This summer, thanks to a suggestion from my brother, I read The Vagina Monologues. I do not often write in books, but I wrote in this book. I scribbled, highlighted, underlined and circled. If the implication is not already clear, I found the book fascinating. I was drawn in more by the mission behind the project that the writing style. The style was catchy, but the project felt revolutionary.
The book came at the perfect time in my life (maybe this is less of a coincidence than I credit it to be). When I read it, I had recently made the decision to take a gap year to execute my work here in Tanzania. I knew my plate would be quite full with my work with Uzima and New Life Foundation, but the Monologues inspired me and felt so relevant to what I would be doing.
There was one segment called Spotlight Monologues that seemed particularly relevant. Here is the introduction to this chapter.
“Each of these monologues was written for a V-Day spotlight or a situation in the world where women were totally at risk, where they had been raped or murdered or dismissed or simply not allowed to be. It is my hope that in the telling of these stories where the women suffered, they will be healed, in seeing what erased them, they will be made forever visible, honored, and protected.”
I knew that with Uzima in particular, many women would enter my life in the over the next year would in desperate need to reveal their stories – to come to terms with some of the horrendous truths that have dominated their lives. As someone who is passionate about writing and graced with the incredible opportunity to help these women find healing, it would be a crime for me to not record the encounters.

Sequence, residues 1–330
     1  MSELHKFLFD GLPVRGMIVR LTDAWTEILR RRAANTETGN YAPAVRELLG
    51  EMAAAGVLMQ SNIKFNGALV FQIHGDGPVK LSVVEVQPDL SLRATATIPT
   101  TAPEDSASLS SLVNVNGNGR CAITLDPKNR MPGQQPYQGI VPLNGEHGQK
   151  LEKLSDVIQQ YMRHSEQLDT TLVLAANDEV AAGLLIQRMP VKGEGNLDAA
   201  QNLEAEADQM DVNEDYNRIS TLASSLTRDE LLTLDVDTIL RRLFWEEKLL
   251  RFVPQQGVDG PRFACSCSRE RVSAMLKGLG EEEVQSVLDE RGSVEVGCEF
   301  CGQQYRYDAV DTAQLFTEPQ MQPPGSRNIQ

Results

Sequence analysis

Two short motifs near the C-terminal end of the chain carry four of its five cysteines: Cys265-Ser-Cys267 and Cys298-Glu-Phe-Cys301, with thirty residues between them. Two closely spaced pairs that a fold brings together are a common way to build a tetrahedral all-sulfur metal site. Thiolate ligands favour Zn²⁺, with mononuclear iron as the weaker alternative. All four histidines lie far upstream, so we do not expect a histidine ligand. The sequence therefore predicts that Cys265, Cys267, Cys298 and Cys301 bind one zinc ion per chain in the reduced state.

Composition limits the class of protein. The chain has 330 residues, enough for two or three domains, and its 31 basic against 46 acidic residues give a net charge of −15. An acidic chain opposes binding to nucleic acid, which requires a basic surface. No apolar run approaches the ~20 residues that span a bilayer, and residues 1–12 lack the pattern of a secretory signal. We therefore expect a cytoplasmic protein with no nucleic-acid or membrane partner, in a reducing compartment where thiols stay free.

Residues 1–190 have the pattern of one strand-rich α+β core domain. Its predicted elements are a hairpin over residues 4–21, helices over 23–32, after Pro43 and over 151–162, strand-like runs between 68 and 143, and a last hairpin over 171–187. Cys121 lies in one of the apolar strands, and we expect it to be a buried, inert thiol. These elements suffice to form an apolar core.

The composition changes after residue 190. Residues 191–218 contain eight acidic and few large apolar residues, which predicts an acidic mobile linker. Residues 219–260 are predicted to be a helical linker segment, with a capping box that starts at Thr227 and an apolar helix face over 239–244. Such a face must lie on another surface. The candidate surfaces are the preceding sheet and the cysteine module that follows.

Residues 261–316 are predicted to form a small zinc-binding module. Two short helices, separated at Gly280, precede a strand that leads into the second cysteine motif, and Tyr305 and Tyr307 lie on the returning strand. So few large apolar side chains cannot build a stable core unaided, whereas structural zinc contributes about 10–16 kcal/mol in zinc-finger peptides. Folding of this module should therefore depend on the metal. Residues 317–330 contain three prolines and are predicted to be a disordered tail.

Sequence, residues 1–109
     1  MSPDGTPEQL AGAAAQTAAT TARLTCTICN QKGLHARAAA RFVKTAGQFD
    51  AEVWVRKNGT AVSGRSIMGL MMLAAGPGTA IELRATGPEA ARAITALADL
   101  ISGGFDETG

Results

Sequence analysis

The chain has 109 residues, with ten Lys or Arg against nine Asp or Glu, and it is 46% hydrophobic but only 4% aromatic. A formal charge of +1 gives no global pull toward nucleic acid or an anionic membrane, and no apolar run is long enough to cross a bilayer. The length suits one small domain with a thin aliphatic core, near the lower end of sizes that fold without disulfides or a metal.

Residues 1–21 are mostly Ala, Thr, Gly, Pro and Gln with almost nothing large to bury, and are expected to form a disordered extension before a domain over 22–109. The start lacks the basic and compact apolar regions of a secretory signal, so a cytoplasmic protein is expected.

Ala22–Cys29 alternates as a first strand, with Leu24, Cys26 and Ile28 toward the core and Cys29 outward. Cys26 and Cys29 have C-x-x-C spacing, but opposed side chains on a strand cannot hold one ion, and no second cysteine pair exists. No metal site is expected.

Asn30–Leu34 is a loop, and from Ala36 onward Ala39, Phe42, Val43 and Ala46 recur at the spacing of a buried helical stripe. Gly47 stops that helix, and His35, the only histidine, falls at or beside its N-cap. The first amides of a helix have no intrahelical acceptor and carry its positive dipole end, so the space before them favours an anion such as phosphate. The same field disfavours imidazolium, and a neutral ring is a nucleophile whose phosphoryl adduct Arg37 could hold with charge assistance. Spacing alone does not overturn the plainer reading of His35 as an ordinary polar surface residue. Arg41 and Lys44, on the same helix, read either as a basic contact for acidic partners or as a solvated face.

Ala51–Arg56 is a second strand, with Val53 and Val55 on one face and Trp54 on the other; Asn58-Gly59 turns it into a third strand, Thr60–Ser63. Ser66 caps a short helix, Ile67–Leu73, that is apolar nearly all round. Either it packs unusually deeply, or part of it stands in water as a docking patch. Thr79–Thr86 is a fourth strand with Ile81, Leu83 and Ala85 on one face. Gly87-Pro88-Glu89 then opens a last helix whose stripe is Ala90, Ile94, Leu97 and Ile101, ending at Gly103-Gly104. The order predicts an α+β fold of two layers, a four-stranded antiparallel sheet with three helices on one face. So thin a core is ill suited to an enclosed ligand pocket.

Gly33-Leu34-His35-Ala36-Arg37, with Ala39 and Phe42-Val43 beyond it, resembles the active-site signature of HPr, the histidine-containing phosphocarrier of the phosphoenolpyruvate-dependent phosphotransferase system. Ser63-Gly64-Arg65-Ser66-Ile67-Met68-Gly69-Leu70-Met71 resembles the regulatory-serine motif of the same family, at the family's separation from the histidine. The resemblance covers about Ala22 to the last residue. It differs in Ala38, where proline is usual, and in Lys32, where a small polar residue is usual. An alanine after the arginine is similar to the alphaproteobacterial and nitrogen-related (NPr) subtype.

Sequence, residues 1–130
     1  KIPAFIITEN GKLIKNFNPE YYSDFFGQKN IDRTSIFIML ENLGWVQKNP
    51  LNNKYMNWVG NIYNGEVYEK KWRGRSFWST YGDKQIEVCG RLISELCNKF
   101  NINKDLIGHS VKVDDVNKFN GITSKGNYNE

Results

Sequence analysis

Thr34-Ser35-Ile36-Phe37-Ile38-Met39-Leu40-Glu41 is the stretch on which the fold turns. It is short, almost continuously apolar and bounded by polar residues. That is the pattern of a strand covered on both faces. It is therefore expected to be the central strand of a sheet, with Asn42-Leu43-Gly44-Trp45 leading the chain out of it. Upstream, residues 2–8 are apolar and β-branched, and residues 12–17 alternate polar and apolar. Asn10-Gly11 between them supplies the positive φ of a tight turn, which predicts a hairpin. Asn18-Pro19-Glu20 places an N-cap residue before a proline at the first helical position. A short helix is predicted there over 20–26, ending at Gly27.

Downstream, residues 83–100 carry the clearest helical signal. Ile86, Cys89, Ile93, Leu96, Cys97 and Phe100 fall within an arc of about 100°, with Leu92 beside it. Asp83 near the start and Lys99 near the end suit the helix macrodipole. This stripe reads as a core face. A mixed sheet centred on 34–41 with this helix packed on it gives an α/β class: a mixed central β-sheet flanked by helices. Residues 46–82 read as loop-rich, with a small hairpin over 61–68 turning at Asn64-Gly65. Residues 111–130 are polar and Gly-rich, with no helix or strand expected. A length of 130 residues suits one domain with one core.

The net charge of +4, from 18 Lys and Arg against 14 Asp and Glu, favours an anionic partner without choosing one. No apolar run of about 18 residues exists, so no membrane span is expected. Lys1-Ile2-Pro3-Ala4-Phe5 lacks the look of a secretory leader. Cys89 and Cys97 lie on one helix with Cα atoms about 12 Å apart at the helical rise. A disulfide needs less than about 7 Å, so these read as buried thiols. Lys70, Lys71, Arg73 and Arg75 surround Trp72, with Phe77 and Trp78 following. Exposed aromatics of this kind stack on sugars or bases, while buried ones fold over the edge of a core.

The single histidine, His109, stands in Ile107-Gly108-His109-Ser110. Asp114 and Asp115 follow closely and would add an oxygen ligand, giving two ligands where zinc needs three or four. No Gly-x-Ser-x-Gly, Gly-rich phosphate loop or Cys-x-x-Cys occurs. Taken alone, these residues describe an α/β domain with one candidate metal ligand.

I do not plan to stop at my work with Uzima. With project Di*rt, I will proactively seek opportunities to talk to women in the area. I want to welcome them to have their stories heard and recorded so that for once, in the words of Eve Ensler they can be made “forever visible” – forever honored, forever protected, forever proud.
My immediate goals with Di*rt are simple. First, I must become more fluent in Swahili. It is only fair that I show a deep and true interest in the culture when asking these women to share it with me in its most raw form. I have been practicing with Princely every day. He teaches me grammar and sentence structure, and I learn intonation through listening to the people around me.
Next, I must be outgoing. I must embrace the open-armed nature of the Tanzanian culture. When I rode the daladala (public bus) the other day, there was this woman with sad, sad eyes who had her hand protectively upon my knee for the whole ride. The culture (especially woman to woman) wants to hold you. Embracing this will be a key step in my project.
I will continue to post about project Di*rt, but I think it is important to lay a foundation explanation here so that the root of the project is identifiable.